estimated, with the aid of the 5° bearing lines, and added to the director
                bearing. The sign of the difference (whether to right or left of center line)
                must be taken into account. Thus, if the director bearing is 90° in figure
                2, the bearing of A is 90°, that of B is 100° and that of C is 82°,
                approximately.

            (2) At Low Speed Scan, the echo is first maximized by training the antenna
                with the Right and Left Switches and then pressing the STOP control.
                Then the radar bearing angle is




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     read on the Scan Position Indicator. Depending on whether the reading is
     right or left, this angle is added or subtracted from the director bearing to
     give the bearing of the target.




(c) Echo Interpretation

    An inexperienced operator on the Mark 8 Radar will generally get the
    impression, as stated before, that the ship is broadside to the line of sight
    because of the suggestive appearance of the echo on the screen. The
    operator must carefully guard against this false interpretation, since it
    could easily result in a badly confused picture of the tactical situation. The
    explanation for the fact that all echoes have elongated forms is twofold.




 (1) The beam width is 2°, and therefore, any target that gives a strong echo
     will appear at least 2° wide.

 (2) The range resolution is about 50 yards and any target will appear at least
     that width.




    There are cases, however, when it is possible to make an estimate of the
    target angle. When a large ship is being ranged upon, it is frequently
    possible to see that the target extends over a considerable range interval,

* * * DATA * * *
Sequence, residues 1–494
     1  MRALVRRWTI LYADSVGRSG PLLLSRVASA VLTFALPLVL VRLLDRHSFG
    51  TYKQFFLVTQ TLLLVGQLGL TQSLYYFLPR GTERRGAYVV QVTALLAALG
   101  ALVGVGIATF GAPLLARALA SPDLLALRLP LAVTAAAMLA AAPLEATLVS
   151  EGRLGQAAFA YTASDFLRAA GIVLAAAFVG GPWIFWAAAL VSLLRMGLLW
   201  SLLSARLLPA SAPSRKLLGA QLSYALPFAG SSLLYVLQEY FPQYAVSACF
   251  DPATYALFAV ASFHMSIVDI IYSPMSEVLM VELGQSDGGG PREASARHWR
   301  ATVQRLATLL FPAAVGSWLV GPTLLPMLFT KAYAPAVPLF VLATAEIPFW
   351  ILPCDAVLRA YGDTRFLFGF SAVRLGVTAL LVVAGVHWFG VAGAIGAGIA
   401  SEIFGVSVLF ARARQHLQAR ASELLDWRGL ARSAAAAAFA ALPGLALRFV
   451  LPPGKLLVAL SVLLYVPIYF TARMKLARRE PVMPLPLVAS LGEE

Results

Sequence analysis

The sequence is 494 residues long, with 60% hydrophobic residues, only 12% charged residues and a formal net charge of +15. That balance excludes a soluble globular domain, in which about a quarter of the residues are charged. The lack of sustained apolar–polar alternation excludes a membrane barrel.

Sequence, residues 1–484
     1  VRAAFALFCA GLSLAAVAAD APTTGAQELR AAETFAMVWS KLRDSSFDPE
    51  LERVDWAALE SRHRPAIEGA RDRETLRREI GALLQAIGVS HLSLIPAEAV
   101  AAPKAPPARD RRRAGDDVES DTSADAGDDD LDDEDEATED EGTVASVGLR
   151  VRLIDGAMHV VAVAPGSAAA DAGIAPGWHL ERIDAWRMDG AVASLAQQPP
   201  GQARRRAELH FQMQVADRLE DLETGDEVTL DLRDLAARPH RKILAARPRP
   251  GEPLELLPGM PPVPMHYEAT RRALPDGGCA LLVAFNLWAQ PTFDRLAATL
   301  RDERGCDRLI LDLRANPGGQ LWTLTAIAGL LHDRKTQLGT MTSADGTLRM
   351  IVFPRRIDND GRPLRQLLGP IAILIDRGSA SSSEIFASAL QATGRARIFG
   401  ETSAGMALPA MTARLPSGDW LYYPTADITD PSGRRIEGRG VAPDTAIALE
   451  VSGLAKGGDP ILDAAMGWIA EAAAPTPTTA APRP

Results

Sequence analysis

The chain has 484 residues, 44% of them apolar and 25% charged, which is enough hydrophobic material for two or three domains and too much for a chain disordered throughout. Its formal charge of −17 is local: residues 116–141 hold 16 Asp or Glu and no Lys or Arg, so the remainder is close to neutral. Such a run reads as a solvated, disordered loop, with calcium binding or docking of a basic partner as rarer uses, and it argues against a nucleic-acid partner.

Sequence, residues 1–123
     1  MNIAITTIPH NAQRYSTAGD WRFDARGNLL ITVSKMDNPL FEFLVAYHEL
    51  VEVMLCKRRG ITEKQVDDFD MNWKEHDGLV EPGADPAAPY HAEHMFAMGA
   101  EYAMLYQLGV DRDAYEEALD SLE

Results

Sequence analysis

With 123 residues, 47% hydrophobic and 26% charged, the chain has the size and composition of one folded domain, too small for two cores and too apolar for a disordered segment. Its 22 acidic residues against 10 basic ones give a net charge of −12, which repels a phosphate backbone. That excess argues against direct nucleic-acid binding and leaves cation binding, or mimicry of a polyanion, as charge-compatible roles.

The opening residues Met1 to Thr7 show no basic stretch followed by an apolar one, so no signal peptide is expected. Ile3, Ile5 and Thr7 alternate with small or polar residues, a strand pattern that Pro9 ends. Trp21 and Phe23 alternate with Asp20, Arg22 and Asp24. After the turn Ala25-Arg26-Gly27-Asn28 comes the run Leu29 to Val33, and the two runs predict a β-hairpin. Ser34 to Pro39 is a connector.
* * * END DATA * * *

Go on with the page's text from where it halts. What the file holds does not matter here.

and that the signals at different ranges are at slightly different train angles.
    For some reason this extended target appears broken up, as though there
    were several elongated echoes approximately tangent to one another.
    When this is the case, it is possible to consider the group of echoes as a
    whole and then make a very rough estimate of the target angle.

(d) Position of Range Line

    When observing with the main and expanded sweeps at high speed scan, it
    is sometimes possible for the range line to conceal an echo. It is therefore
    a good policy to occasionally shift the range line when examining the
    screen for an echo.




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                                 PERFORMANCE

10. A few notes on performance are given below.

       (a) Range Data

           From experience with the first few production models of the Mark 8
           equipment, it has been found that the following ranges can usually be
           obtained:

           Small channel spars                 1,500 yards
           Navy Blimp                         40,000 yards
           Large buoys                         5,000 to 10,000 yards.
           Land Targets                        Up to 50,000 yards
           Motor whaleboat                     5,000 yards
           Airplanes                           Up to 15,000 yards
           Large tug and
           destroyer                          20,000 to 32,000 yards
           Metallized series
           40 sled                            20,000 yards
           Battleship                         35,000 to 45,000 yards

           16-inch splashes at 20,000 yards were observed on type B scan with both
           EXP and PREC Sweep.
       (b) Interference

           Interference from other radars is not particularly bothersome to the Mark
           8. No pickup was experienced from the SC or FD radars or from any
           power units, but the SG with the same type of oscillator produced a coarse
           network of small dots that constantly shifted its position. Range and
           bearing accuracy were not materially affected by this pickup.

       (c) Fading

           Fading of signals on the Mark 8 is not troublesome at short or medium
           ranges but becomes quite apparent near the maximum ranges for which
           the target can be perceived.

       (d) Side Lobes

           Side lobes should give very little trouble. The only time they will be
           noticed is when there is a target under 5,000 yards, the distance depending
           on the size of the target. As the director is trained, an echo may appear on